Projector screens, wine, cheese and treadmills are just a few things on Jay Krigsman’s mind these days. The executive vice president for Krausz Companies, which is a joint owner of the Gramercy in the southwest part of the Valley, is in the midst of a lease and letter-of-intent maelstrom. But it should all pay off in the spring with plenty of live-work-players at the new community, which is being billed as an “urban village.”
To date, Krausz has leased about two-thirds of the 200,000 square feet of office space at the former Manhattan West recessionary casualty. The three main tenants are custom homebuilder Touchstone Living, Regus office suites and HDI (Health Data Insights), a medical and financial services company. HDI currently has some employees on-site, and hiring is under way. Regus and Touchstone are building out their spaces.
The Gramercy is intended to be a chain-free dining destination with hip concepts, such as DW Bistro’s market and kitchen, which is under construction. So is Cuppa Coffee House and Alex Stratta’s Italian Steakhouse. All should open in the spring.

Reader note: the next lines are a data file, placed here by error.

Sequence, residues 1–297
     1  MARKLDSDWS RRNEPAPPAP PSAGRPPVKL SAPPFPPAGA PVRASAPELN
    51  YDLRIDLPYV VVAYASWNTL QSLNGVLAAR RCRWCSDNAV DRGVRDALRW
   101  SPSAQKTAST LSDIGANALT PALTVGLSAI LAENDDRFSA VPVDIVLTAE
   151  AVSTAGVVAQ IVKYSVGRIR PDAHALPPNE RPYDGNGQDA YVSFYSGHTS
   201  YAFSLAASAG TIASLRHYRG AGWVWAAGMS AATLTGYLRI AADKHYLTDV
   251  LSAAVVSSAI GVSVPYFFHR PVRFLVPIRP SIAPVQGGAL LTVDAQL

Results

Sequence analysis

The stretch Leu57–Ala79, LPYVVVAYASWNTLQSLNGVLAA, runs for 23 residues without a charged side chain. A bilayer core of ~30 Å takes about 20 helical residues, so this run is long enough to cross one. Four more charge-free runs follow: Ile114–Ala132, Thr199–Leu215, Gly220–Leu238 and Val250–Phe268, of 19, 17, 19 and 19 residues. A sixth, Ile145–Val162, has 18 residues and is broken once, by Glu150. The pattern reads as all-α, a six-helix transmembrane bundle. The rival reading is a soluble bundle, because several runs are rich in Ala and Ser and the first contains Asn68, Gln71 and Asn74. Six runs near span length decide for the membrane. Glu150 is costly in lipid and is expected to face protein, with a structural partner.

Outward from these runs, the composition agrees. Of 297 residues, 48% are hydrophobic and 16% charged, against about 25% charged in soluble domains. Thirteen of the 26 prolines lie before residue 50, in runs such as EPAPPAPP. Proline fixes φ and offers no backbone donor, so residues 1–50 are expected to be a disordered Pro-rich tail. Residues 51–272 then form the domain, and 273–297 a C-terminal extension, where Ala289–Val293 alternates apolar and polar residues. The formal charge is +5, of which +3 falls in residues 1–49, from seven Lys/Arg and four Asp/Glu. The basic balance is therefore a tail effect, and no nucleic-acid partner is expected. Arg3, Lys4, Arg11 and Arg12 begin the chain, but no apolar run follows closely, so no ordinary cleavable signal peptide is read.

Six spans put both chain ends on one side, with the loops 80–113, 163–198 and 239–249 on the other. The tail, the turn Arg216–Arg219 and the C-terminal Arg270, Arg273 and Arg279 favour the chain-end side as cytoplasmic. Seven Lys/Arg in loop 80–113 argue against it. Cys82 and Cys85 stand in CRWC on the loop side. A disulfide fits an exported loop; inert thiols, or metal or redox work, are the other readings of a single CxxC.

Krigsman says a fitness operator must also gel with the Starbucks- and Subway-free dining offerings. “We don’t want them only using four walls. … You see it all the time at apartment complexes: a couple of treadmills, an elliptical [machine] and a plasma screen,” he says. “We want to see exercise groups, yoga, stretching in the central park area. This place should always have energy.”
That central park area is positioned between the Gramercy’s two residential buildings and will be home to a pool, fire pits and the largest outdoor projection screen in the Valley.
Krigsman says the first residents should be moving into the New York-style apartments by January, with monthly rents ranging from the $900s for studios to more than $4,000 for penthouses. And it appears that demand is outpacing supply by about a 5-to-1 ratio, with more than 1,000 names inquiring about the 245 units.
“I’m hoping by late spring we’ll have evenings in the plaza, movies under the stars, farmers markets,” Krigsman says. “By next summer, we should be humming.”